“The common theme from providers is that while they may disagree with Perot Systems' methodology at times, the bottom line is that Perot Systems delivers results,” the report said. “Perot Systems' sweet spot is in handling program management, step-by-step implementations, and the nuts and bolts of hardware, networking and configuration. They show weakness in providing the valued-added consultant industry expertise and insight; some providers want more than just a configuration company.”
Mike Smith, general manager of financial and services research at KLAS, was the author of the survey report. The proposed Perot purchase indicates Dell is serious about being a healthcare IT player, particularly in IT outsourcing, where Perot dominates, he said.
“To me, this represents they're getting further invested in healthcare,” Smith said. “If you look at the outsourcing business in healthcare, Perot seems to own that market” with roughly half of the hospitals that outsource their IT being Perot clients, Smith said. “You have other players such as CSC, but no one can touch what Perot has,” Smith said, referring to Computer Services Corp.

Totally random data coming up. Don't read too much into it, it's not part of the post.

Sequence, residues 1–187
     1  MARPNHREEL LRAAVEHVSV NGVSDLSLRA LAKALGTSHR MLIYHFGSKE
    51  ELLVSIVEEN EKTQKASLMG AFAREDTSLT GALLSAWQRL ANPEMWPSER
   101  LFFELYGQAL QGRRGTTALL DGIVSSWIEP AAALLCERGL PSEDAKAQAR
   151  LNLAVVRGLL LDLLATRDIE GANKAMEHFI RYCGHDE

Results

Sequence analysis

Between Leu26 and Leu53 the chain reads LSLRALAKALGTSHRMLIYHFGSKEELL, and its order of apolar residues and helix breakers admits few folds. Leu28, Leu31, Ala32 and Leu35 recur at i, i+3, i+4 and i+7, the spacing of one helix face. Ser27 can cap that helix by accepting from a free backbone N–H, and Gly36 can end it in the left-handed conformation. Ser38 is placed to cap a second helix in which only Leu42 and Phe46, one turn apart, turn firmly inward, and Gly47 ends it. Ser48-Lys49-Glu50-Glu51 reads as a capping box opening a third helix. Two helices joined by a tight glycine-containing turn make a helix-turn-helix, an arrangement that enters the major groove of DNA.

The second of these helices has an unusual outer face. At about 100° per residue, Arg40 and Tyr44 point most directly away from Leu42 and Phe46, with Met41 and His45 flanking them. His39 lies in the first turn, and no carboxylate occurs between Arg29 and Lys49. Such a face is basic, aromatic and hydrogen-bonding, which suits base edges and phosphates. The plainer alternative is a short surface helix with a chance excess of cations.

One of the many unknowns about the deal at this point is its impact on the development of a market for open-source health IT.
“That's big news,” said fellow Texan Fred Trotter, of Houston, founder of Liberty Medical Software Foundation. He is currently developing an open-source billing management system to be interfaced to the VistA clinical IT system developed by the Veterans Affairs Department. Trotter also blogs about the use of open-source software in healthcare.